The Congressional Budget Office last week released its annual budget and economic outlook report, and although the news was gruesome, the report was greeted in Washington with a giant yawn. The assumption among Republicans and Democrats is that the political rewards for curbing runaway budget deficits are too meager to justify the risks. There’s a consensus to do nothing — and to hope that nothing goes disastrously wrong.
Just how large are impending deficits? Here are the CBO projections.
From 2019 to 2028, the federal government will run cumulative annual deficits of $12.4 trillion. The deficits — the gap between what government spends and what it collects in taxes — average about 5 percent of the economy (gross domestic product, or GDP). Since 1950, deficits have equaled or exceeded 5 percent of GDP in only six years (1983, 1985 and 2009-2012), and most of these occurred after deep recessions. These reduce tax revenue and boost “safety net” spending (unemployment insurance, food stamps and the like).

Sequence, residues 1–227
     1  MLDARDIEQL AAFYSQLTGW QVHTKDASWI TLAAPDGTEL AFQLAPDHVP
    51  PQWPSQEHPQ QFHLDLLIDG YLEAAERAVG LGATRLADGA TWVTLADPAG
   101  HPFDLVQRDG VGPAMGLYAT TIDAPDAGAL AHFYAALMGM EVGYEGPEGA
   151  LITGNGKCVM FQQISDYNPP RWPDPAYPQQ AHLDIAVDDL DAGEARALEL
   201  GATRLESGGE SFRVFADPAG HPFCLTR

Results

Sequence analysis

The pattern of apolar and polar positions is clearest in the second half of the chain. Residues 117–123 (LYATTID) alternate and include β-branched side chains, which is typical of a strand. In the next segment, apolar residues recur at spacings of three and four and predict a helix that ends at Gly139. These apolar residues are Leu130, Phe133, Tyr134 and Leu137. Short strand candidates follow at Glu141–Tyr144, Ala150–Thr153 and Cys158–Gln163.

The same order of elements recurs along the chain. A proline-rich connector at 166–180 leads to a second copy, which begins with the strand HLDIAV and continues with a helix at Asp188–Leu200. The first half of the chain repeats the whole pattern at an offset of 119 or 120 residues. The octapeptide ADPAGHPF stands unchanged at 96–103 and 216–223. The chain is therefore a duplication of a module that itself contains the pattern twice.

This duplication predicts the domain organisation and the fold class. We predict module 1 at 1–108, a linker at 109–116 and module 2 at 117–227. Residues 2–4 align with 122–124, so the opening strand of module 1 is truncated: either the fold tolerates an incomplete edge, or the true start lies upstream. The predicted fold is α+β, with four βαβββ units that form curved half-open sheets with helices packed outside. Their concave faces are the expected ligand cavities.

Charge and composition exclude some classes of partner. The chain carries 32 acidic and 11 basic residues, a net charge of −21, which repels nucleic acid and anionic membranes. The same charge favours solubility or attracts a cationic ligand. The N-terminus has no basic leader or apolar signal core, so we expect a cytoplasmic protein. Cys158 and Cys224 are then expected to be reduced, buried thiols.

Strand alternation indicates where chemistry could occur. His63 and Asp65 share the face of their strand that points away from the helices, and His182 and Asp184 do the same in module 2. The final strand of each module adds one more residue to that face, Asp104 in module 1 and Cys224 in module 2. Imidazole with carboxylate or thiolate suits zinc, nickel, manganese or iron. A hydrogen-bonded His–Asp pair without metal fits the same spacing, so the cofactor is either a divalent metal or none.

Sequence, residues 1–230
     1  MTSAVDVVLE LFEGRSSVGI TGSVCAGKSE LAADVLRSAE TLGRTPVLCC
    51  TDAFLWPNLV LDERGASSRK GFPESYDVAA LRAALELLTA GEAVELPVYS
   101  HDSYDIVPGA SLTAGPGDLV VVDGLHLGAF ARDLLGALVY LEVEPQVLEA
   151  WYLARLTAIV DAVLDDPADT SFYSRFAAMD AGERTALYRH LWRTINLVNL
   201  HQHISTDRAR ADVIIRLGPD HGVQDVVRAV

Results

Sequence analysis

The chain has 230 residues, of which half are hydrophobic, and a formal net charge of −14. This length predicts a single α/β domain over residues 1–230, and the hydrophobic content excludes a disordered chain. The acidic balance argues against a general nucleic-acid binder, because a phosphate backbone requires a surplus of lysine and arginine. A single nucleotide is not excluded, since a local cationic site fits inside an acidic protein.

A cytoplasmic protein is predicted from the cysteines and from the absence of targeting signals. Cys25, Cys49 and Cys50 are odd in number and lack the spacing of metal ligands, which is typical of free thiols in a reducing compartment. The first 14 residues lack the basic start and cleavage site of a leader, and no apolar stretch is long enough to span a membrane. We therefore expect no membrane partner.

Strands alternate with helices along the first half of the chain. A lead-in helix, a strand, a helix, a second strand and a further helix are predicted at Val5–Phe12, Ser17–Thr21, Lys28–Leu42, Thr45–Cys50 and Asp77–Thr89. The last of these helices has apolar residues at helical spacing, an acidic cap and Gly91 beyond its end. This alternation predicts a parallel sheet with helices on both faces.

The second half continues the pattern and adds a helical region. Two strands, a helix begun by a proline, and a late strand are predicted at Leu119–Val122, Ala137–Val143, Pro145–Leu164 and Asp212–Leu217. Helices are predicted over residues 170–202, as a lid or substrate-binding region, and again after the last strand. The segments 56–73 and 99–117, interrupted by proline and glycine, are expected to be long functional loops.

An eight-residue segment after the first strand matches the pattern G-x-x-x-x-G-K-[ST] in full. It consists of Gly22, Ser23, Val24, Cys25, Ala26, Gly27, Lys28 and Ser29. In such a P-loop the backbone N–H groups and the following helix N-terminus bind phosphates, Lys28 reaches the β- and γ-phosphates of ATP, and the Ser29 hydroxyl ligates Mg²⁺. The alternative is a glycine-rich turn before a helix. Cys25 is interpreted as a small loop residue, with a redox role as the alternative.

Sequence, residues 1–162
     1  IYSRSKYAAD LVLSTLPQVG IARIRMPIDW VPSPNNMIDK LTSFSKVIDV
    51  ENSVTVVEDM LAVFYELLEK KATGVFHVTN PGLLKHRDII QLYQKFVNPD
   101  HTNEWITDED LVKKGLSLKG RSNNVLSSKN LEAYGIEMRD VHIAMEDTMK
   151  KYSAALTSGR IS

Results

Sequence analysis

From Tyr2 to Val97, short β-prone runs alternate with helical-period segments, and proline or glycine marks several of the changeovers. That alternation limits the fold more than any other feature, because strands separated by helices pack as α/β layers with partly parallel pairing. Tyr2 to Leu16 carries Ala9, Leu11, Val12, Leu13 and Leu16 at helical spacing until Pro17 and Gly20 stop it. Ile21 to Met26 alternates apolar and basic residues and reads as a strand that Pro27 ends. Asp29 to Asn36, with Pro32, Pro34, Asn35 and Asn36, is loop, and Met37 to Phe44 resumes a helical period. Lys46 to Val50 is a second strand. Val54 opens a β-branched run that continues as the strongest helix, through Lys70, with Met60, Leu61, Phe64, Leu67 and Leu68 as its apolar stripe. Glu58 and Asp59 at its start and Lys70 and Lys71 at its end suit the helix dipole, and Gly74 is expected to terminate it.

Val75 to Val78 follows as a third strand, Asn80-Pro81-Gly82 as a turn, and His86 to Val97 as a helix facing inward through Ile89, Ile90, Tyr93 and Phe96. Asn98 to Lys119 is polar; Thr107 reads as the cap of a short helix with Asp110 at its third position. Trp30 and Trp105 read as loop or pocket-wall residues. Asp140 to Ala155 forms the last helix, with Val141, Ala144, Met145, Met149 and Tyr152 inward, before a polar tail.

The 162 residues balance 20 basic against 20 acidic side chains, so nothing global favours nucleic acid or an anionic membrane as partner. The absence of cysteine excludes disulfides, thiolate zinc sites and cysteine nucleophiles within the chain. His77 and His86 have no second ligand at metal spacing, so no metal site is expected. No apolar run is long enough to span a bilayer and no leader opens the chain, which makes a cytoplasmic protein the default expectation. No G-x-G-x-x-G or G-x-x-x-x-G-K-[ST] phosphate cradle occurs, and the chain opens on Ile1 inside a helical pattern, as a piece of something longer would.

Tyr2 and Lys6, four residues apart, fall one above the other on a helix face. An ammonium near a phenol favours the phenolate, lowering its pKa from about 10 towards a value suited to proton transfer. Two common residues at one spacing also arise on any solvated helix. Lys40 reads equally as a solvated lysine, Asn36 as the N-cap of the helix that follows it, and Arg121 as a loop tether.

By contrast, today’s deficits occur with low unemployment and an economy that has been expanding for nine years.
Even the CBO figures may be optimistic if they’re based on unrealistic assumptions. Defense spending as a share of GDP is projected to fall; in a dangerous world, that may not happen. Similarly, some personal tax cuts are scheduled to expire at the end of 2025; many observers think Congress will extend them. Adding these amounts to government borrowing would increase the federal debt — the total of all past deficits — to more than 100 percent of GDP, about as large as right after World War II.
No one knows the consequences of these unprecedented peacetime deficits, but the CBO has listed some possibilities:
● They may further raise interest rates, which would increase deficits, squeeze other federal programs and crowd out borrowing by businesses…